Typically the easiest and most cost effective way to increase new business is to target your existing customers, encouraging repeat and referral business.
A critical element of this is regular and effective communication.
Managed carefully, email offers significant opportunity in this respect. Consider using content of an interesting and valuable nature, such as business hints and tips, which will be retained and referenced. This approach can be automated using online email marketing software, also known as autoresponder technology - Google “autoresponder” for a list of low cost and free online providers. Examples include dotMailer, Eshot, AWeber and MailChimp. You will also need to ensure that you are meeting current “spam” regulations and best practice, including allowing customers to unsubscribe from email communication.
So, given what I've just said, can you see why I'm not a great lover of newsletters? Typically a newsletter will be about what's happening to your business. Put yourself in the customers’ shoes - is that sort of content likely to interest them significantly or be seen as valuable material? OK, a couple of recent customer case studies will work well but the rest of the content is of less value. Moreover, by its nature, a newsletter is time specific. Better to come up with material that can be used over and over again for new contacts - this is when autoresponders will really come into their own.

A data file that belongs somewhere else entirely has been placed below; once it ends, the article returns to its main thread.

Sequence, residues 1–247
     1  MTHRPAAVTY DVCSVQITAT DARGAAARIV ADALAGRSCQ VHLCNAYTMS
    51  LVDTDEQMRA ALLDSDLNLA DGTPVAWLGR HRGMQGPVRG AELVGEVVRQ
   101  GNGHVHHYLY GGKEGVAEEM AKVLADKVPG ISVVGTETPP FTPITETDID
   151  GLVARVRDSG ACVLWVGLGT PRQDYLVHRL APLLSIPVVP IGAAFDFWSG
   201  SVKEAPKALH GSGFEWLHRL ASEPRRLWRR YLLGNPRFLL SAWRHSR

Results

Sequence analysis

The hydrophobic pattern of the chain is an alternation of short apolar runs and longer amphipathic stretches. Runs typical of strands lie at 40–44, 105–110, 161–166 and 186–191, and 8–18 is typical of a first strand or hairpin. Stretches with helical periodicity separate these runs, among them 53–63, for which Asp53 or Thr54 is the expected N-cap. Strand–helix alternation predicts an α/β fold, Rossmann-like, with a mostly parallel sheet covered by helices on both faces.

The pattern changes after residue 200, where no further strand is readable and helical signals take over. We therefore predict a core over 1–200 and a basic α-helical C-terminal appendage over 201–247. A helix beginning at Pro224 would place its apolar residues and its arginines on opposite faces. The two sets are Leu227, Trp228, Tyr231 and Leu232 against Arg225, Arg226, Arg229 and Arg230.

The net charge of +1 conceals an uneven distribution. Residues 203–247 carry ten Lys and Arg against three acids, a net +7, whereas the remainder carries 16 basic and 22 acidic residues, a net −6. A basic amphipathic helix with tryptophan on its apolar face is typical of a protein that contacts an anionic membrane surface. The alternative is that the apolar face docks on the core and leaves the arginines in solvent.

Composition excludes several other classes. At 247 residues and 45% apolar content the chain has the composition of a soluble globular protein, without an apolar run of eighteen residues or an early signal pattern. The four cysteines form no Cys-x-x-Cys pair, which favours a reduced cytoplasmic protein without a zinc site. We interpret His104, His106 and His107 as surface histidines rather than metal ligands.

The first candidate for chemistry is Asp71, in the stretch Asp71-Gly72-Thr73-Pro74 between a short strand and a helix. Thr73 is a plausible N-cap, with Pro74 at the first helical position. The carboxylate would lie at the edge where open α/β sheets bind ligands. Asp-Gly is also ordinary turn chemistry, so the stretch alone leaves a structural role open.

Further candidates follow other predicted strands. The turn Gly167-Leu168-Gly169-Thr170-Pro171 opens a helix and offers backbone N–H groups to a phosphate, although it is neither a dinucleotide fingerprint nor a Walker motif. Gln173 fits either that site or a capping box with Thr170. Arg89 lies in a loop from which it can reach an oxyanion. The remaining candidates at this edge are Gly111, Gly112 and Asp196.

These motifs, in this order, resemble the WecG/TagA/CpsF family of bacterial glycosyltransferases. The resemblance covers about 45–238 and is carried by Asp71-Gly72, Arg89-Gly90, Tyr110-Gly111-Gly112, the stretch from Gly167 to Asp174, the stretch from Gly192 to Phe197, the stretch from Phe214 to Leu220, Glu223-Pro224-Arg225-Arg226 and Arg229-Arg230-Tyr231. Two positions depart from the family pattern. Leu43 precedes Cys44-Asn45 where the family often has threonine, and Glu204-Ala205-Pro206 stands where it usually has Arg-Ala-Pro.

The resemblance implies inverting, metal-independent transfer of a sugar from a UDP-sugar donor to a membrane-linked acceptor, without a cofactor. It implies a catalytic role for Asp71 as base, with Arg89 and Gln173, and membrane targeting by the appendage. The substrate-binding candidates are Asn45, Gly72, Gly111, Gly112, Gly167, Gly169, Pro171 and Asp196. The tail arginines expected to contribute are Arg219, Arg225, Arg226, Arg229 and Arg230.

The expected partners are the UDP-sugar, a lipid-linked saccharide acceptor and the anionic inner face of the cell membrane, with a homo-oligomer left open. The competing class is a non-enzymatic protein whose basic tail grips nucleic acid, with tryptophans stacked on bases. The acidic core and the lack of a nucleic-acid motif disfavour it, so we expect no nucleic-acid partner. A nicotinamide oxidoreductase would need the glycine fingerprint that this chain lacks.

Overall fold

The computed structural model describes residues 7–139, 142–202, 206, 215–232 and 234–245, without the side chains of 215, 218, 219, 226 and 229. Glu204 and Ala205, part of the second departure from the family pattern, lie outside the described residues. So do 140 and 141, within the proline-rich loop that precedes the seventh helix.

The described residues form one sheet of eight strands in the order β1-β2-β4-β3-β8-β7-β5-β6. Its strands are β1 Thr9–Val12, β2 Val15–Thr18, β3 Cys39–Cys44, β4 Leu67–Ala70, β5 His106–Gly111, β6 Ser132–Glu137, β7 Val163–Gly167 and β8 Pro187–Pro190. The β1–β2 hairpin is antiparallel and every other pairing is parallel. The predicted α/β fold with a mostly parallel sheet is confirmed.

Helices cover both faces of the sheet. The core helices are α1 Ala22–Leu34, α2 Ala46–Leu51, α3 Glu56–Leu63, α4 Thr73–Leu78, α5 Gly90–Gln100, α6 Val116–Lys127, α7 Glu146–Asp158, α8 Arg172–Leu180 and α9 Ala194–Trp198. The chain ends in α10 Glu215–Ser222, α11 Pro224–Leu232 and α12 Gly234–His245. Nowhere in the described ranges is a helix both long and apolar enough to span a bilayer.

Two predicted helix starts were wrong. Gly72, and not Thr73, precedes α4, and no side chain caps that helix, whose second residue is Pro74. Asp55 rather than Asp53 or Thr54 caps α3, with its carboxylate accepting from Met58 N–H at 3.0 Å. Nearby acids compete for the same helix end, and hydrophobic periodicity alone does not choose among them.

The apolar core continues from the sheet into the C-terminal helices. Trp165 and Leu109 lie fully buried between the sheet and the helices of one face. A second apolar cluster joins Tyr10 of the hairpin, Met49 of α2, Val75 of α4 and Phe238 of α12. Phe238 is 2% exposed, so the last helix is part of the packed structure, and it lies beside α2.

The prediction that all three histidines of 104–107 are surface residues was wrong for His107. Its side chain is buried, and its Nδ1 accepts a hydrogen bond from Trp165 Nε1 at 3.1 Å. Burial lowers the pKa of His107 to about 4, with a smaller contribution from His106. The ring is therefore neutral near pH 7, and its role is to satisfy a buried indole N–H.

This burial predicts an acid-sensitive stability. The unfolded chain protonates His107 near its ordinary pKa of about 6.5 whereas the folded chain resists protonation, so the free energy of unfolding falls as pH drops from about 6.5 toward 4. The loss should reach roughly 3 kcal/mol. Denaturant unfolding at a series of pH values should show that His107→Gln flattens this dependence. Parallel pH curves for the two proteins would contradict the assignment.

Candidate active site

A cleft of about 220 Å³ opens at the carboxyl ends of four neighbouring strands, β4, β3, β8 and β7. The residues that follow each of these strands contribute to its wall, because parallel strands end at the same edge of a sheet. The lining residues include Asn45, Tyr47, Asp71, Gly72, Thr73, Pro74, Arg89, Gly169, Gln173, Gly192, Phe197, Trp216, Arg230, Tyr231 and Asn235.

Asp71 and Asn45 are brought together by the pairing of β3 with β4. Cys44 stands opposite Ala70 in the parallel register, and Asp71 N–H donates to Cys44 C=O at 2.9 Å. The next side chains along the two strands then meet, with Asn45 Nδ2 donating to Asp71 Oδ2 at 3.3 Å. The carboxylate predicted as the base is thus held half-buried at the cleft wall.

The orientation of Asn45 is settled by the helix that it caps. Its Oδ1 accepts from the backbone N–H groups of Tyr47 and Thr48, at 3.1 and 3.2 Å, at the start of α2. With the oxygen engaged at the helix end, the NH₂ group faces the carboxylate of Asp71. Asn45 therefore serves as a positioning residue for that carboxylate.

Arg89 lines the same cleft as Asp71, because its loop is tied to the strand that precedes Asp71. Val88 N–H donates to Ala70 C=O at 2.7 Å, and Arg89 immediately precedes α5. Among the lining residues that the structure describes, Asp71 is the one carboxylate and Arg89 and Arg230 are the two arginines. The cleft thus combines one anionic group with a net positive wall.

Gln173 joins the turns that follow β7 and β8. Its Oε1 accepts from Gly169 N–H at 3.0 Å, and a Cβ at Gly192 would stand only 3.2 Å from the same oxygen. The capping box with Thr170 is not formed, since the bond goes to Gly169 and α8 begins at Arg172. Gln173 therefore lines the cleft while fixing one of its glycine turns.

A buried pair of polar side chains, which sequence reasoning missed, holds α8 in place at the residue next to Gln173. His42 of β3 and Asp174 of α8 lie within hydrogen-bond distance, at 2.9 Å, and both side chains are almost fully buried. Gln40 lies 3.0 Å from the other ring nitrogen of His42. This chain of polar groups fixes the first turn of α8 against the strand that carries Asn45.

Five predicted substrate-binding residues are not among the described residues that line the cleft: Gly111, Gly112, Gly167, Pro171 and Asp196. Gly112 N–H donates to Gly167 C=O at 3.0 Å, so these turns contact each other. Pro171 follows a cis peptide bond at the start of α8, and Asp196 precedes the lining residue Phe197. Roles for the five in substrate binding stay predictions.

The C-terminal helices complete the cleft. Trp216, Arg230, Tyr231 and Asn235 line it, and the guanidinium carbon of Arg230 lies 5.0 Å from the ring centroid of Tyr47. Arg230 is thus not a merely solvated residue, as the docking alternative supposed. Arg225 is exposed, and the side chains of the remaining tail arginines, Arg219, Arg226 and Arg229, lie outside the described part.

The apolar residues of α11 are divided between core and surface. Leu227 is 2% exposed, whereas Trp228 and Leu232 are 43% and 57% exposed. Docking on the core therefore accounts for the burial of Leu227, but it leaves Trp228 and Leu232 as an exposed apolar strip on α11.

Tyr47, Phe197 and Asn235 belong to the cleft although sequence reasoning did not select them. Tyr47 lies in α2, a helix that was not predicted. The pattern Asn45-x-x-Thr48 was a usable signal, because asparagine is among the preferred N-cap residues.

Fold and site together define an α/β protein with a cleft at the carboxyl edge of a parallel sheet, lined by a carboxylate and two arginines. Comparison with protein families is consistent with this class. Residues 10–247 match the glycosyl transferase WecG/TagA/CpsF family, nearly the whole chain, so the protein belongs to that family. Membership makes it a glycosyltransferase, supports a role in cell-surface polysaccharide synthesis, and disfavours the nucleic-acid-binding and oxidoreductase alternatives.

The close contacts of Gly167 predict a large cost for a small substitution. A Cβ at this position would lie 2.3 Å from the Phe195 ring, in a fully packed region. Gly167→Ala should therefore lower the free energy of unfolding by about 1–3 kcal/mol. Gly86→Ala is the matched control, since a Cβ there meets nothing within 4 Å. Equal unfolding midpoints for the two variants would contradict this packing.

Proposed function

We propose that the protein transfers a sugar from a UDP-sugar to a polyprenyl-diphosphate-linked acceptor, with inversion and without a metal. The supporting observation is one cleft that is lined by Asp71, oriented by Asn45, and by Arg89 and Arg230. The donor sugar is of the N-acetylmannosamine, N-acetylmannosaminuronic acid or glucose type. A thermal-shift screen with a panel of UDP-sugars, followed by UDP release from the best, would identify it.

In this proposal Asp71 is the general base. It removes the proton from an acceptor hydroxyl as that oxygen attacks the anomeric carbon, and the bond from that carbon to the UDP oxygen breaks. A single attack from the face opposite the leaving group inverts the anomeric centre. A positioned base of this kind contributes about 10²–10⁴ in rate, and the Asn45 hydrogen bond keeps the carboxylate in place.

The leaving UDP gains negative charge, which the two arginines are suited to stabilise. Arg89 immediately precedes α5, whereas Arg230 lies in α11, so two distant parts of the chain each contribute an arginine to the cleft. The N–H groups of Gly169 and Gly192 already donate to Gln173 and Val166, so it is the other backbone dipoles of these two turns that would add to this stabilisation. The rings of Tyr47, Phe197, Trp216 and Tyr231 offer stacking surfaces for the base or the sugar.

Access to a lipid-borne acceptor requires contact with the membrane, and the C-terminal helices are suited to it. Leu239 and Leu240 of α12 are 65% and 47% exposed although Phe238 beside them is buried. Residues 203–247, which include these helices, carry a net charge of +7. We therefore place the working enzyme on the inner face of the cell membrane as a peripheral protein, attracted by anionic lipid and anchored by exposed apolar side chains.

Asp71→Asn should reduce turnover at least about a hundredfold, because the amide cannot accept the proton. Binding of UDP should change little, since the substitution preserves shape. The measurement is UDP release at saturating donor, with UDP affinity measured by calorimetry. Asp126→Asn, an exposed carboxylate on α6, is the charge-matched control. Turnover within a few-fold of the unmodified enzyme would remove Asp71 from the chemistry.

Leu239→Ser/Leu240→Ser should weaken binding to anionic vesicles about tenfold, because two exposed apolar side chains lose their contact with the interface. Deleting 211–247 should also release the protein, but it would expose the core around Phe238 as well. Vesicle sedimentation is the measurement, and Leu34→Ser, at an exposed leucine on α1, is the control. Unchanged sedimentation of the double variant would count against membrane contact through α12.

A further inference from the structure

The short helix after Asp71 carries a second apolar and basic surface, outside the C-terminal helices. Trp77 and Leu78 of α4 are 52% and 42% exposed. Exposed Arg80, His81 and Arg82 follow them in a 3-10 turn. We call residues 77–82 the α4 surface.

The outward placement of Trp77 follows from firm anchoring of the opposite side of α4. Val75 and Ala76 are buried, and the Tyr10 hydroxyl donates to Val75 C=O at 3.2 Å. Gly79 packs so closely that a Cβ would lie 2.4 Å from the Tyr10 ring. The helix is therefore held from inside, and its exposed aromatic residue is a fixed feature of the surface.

It also follows that your material should not be “salesey”. Remember we need this type of communication to be regular. Keep thrusting sales material down customers’ throats and they are bound to unsubscribe. The only rider to this is where you are known as offering regular product discounts or special deals. In these circumstances, customers will often be looking forward to your correspondence in the knowledge that a potential deal could be available.
No, try to think of material that will really be of interest. Such as new technology in your industry that will produce different products or trends for future customers’ needs. Or perhaps forthcoming changes in legislation that will become significant. What you are looking for is correspondence that will make sure your customers think of you first when considering your types of products or services. Most of your competitors will be taking the typical approach of assuming that, once someone buys, they’ll always come back for the same or more. Not so – more often than not, the first call will be to the supplier who last made contact with them. So make sure you are the one making the regular contact.
One other idea. Sending out infrequent customer questionnaires for feedback can represent an effective form of communication. Managed correctly, they can show that you care about customers’ needs and want to ensure that you are satisfying them. Just one word of warning though – make sure that you are willing to accept critical responses. I remember responding to a furniture removals company with negative feedback about the size of van provided (needed multiple trips). The MD was on the phone to me next day, arguing the point, concluding that he NEVER got negative feedback and he wouldn’t want me as a client again either. Clearly their feedback process was there for ticking the box in their ISO 9000 quality system – and not actually taking on board the feedback to improve their business.